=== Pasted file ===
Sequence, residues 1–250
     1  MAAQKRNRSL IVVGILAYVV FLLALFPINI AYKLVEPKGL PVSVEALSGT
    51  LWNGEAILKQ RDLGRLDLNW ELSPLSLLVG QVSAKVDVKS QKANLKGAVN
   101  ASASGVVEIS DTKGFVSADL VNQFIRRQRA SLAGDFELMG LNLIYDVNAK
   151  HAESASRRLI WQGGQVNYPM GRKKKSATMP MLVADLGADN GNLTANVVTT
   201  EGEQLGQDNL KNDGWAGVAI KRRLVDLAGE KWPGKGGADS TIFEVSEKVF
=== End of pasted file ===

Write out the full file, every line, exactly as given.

Sequence, residues 1–250
     1  MAAQKRNRSL IVVGILAYVV FLLALFPINI AYKLVEPKGL PVSVEALSGT
    51  LWNGEAILKQ RDLGRLDLNW ELSPLSLLVG QVSAKVDVKS QKANLKGAVN
   101  ASASGVVEIS DTKGFVSADL VNQFIRRQRA SLAGDFELMG LNLIYDVNAK
   151  HAESASRRLI WQGGQVNYPM GRKKKSATMP MLVADLGADN GNLTANVVTT
   201  EGEQLGQDNL KNDGWAGVAI KRRLVDLAGE KWPGKGGADS TIFEVSEKVF